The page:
Acton Institute Powerblog

The Real Both/And Budget Solution

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I had the pleasure of appearing on Relevant Radio last Friday to talk to Sheila Liaugminas on her show, “A Closer Look.” I discussed the idea of “intergenerational justice,” a term favored by evangelicals (Roman Catholics tend to talk about “intergenerational solidarity”), and how that concept relates to much of today’s discussion about the federal budget.

One thing you hear from many is that we need a “both/and” solution: we need to both cut spending and raise revenue in order to close the annual deficits. I’m not really convinced of this, in part because the federal government has historically shown that increased revenue always results in increased spending. The government spends what it takes in, with a little bit more to boot. There has to be something structural and meaningful to stop this from continuing to happen, especially since we can’t count on the political culture to do so itself. Whether that structural obstacle is a balanced budget amendment or some other kind of binding agreement, something like that has to be put in place.

I don’t think it’s fair on the other side, though, to say that closing some tax loopholes, making tax avoidance more difficult, and simplifying the tax code is tantamount to “raising taxes” either. So in that sense there might be a case for raising revenues in this limited sense if it gets the tax system focused on what it is supposed to do (raise revenues) rather than using it as a tool for rent-seeking, social engineering, and pandering to special interests.

What’s more important than the question of revenues vs. cuts, however, is recognizing that the size of the federal government has stayed about roughly constant when you look at it in terms of tax receipts relative to GDP. Anthony Davies does a nice job illustrating this. He points out that the government basically takes in amounts roughly equal to 18% of GDP (+/- 2%). So that’s essentially what the government needs to learn to live on. By contrast, we’re spending about 24% of GDP this year, and that number only goes higher as entitlement promises come due.

So how about this for a both/and solution: we cut spending to get within a couple of percentage points of 18% of GDP and we focus on tax policies that will grow GDP in a sustainable way in the longer term.

Jordan J. Ballor Jordan J. Ballor (Dr. theol., University of Zurich; Ph.D., Calvin Theological Seminary) is a senior research fellow and director of publishing at the Acton Institute for the Study of Religion & Liberty. He is also a postdoctoral researcher in theology and economics at the VU University Amsterdam as part of the "What Good Markets Are Good For" project. He is author of Get Your Hands Dirty: Essays on Christian Social Thought (and Action) (Wipf & Stock, 2013), Covenant, Causality, and Law: A Study in the Theology of Wolfgang Musculus (Vandenhoeck & Ruprecht, 2012) and Ecumenical Babel: Confusing Economic Ideology and the Church's Social Witness (Christian's Library Press, 2010), as well as editor of numerous works, including Abraham Kuyper Collected Works in Public Theology. Jordan is also associate director of the Junius Institute for Digital Reformation Research at Calvin Theological Seminary.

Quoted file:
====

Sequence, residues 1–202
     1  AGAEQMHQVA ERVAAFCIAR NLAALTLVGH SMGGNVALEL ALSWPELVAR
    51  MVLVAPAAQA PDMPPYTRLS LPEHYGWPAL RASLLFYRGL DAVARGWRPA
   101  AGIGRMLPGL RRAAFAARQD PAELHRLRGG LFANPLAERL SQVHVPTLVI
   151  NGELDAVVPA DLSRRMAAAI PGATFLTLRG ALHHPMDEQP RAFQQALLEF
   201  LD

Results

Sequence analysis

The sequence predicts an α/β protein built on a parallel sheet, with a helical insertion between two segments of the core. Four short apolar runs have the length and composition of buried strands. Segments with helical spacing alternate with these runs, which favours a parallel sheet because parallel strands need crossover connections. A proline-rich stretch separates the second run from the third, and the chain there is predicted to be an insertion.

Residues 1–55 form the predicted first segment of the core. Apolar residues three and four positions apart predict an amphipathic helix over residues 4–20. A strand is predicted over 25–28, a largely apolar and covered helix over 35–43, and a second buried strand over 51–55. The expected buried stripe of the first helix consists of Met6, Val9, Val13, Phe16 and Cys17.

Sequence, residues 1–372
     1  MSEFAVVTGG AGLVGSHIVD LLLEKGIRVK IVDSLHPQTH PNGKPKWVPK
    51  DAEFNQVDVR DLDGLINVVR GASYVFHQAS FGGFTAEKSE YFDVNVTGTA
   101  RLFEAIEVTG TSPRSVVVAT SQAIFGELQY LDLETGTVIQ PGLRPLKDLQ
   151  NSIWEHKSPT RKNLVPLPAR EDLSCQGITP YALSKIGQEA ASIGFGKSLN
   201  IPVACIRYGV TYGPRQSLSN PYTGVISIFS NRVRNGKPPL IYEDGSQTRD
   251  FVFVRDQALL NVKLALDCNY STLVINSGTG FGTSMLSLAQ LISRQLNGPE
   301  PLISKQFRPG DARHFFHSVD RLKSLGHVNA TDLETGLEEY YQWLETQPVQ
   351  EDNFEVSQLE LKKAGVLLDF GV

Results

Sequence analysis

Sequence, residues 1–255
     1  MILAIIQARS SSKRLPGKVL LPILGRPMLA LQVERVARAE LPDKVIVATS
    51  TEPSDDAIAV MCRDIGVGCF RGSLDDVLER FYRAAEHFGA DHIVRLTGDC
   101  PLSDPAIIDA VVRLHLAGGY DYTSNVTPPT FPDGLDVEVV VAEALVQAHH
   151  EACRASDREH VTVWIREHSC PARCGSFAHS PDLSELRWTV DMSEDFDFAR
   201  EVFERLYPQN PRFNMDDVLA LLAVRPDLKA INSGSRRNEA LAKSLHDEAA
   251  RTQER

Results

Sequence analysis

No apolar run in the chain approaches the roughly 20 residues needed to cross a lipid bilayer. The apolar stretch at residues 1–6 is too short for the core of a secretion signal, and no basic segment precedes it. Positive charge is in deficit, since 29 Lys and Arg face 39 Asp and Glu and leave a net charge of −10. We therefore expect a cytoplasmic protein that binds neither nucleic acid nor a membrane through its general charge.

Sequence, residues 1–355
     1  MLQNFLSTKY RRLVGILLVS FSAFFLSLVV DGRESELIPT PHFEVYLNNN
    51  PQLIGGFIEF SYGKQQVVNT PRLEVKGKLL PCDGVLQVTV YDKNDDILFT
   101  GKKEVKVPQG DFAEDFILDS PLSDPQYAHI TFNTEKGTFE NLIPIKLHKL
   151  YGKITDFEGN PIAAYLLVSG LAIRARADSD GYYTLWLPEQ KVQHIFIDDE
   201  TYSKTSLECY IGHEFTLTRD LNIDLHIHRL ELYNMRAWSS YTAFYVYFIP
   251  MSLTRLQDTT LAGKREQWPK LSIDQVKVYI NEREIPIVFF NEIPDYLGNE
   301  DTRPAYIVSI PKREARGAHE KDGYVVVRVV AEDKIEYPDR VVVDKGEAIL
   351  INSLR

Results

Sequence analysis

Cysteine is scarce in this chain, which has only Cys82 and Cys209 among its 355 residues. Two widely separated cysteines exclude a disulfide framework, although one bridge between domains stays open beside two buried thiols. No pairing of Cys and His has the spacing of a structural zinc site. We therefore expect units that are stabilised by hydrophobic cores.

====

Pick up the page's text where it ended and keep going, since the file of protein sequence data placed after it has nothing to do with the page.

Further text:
• Jordan,

    What do you think of Davies list of possibilities as to why government consistently take in 18% of GDP?:

    “It could be the Laffer Curve, maybe people are good at shifting the
    sources of their income in response to tax-rate changes, maybe people
    expend more effort looking for loopholes as tax rates rise, or maybe
    Congress plays a shell game – raising tax rates while exempting more
    income from taxes.”

    Also, if actual revenue percentage doesn’t appear to change with tax rates why oppose increasing the rates? I mean if 18% of private sector capital is going to be siphoned off by the state regardless of tax rates why make this an issue?

    If Davies is right the budget crisis is more severe than a lot of people understand it to be and it also means that it can only really be solved by economic growth.

    • Dan, I’d love to say I have a better explanation than those offered by Davies, but I don’t. I’m inclined to think that what the government takes away with one hand it gives back with the other…just not to the same people. As I note, the complexity of the tax code is a related issue.

      Now it’s one thing to note the correlation (or lack thereof) between revenues and tax rates. It’s another to say that its simply an iron law of 18%. The latter is clearly not true. But it does seem to be a good rule of thumb.

      So if the government is just going to get 18%, I’d much prefer it be straightforward about it and stick to spending what it takes in, rather than raising rates, adding subsidies, tax credits, loopholes, penalties, and so on and make it so really complex. 

      I’ve also seen statistics that more and more people (perhaps approaching or beyond a majority?) pay nothing net in income taxes. So opposing tax increases then is simply a way of opposing the burden being increased on a smaller and smaller proportion of the population.

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